Post-infection immunity is superior to protection from COVID-19 vaccines, according to a new study from U.S. Centers for Disease Control and Prevention (CDC) researchers.
Natural immunity, or post infection immunity, provided 76 percent protection against COVID-19-associated hospitalisations while Omicron was the dominant virus strain in the country, the researchers found. A primary series of the Moderna or Pfizer vaccine, in people without a prior infection, provided just 39 percent protection.
Natural immunity also lasted longer at higher levels than both primary series of vaccination and vaccination with a messenger RNA booster on top of a primary series, according to the study. During Omicron predominance, natural immunity against hospitalisation was 74 percent 150 or more days after infection. A primary series without prior infection remained just 39 percent protective beyond 149 days, while three doses started at 81 percent protection but waned to just 31 percent after 150 or more days following the third dose.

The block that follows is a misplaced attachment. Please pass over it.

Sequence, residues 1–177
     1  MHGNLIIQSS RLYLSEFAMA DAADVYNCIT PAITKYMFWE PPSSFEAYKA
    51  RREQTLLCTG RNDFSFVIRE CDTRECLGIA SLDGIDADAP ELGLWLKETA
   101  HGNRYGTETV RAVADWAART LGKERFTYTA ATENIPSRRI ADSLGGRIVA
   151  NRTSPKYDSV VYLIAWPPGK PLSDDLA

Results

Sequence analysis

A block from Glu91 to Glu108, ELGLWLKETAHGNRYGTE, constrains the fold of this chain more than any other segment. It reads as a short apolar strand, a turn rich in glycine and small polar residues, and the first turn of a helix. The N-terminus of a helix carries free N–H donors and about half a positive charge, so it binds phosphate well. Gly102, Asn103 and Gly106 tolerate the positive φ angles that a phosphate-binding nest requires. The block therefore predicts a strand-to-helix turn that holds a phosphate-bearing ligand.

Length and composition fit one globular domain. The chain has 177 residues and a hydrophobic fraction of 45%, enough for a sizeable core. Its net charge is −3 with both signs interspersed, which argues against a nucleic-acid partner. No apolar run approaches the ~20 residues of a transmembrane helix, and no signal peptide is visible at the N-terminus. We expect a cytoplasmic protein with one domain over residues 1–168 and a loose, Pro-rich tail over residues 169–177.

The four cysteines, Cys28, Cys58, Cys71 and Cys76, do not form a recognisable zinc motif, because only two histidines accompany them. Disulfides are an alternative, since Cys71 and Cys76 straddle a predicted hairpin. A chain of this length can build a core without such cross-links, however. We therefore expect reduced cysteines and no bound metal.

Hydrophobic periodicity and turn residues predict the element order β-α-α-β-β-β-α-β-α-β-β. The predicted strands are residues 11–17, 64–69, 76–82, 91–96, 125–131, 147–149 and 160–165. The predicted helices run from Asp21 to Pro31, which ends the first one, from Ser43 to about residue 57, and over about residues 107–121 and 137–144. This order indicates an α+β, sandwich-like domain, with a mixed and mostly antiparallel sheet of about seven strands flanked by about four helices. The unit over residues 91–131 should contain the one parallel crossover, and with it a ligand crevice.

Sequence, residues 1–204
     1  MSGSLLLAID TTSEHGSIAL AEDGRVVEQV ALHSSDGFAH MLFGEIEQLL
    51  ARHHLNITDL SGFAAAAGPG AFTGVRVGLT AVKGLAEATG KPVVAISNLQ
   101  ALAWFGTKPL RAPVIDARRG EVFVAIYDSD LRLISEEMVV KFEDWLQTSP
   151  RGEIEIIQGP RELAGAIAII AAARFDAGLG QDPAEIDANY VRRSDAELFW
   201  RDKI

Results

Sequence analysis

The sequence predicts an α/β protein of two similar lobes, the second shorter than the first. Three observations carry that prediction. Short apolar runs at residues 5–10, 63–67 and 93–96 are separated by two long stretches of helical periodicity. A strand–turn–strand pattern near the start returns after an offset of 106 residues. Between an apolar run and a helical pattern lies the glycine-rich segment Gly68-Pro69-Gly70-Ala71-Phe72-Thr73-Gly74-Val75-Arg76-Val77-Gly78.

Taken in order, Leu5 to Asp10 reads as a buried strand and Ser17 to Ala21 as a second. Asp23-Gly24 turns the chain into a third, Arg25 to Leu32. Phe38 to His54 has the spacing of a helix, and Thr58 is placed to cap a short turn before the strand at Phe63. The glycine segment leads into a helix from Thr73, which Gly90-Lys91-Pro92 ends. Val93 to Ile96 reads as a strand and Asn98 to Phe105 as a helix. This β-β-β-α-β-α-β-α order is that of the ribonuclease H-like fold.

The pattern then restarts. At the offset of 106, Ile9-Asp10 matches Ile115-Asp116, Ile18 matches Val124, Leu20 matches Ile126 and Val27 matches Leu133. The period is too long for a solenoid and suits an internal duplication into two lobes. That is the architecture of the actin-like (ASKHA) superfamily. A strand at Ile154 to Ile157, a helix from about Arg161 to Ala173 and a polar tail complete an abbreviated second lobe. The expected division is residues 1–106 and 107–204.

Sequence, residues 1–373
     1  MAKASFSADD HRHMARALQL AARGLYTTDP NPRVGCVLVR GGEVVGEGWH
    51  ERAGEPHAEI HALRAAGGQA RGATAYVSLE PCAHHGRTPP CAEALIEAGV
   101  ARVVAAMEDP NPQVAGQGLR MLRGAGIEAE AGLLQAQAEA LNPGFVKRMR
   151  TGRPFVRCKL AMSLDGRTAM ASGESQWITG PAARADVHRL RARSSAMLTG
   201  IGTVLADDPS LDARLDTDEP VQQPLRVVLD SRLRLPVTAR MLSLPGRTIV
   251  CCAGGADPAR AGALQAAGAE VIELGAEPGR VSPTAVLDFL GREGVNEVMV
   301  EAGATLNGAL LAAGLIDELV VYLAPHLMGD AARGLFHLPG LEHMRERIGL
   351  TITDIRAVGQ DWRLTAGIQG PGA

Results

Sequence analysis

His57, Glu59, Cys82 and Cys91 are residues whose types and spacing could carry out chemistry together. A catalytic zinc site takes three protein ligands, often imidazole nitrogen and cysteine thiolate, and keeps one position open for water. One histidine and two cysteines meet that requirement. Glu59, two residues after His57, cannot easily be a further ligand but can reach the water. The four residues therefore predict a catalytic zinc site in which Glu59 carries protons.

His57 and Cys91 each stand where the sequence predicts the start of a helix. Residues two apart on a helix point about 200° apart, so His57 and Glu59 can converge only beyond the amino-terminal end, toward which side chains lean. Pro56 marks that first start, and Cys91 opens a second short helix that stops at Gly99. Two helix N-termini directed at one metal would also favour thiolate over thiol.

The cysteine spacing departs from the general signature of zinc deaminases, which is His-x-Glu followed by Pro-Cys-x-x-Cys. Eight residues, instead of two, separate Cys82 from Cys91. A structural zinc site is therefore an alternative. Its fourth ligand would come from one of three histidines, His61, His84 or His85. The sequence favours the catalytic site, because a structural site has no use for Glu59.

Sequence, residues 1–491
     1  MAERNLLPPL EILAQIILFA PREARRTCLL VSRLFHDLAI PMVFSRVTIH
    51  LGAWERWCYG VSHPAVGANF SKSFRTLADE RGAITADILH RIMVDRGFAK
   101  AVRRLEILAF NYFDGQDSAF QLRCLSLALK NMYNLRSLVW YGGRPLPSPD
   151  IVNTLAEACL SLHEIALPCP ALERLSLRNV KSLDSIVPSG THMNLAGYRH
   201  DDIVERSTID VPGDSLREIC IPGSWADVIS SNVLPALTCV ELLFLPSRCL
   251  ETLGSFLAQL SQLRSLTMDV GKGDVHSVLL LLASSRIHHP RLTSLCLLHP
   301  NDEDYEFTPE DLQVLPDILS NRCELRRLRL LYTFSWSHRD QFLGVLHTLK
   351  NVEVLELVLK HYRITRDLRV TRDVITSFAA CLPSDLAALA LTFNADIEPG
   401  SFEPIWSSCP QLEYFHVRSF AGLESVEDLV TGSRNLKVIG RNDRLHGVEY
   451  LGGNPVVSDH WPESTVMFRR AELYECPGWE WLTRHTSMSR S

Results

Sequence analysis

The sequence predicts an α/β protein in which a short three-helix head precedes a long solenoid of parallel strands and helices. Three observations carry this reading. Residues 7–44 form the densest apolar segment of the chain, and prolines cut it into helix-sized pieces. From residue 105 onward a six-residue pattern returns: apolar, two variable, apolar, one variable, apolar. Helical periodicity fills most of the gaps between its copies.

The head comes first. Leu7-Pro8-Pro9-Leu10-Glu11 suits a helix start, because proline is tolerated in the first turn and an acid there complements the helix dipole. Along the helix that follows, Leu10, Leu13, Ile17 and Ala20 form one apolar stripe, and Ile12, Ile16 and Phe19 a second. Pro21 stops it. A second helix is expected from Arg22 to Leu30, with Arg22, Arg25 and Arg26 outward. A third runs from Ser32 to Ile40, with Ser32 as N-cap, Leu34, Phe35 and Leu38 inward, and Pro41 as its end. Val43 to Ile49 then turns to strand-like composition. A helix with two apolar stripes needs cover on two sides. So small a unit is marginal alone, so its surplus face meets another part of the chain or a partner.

The paper was published ahead of peer review by The Journal of Infectious Diseases. It was funded by the CDC. “Protection from COVID-19 mRNA vaccination and/or prior SARS-CoV-2 infection against COVID-19-associated hospitalisations … regardless of variant [was high],” Catherine Bozio of the CDC and the other researchers said. SARS-CoV-2 causes COVID-19.
The agency, which recommends a primary series and a bivalent booster for virtually all Americans 6 months of age and older, regardless of prior infection, did not respond to an email asking if the study’s findings would lead to a recommendation change.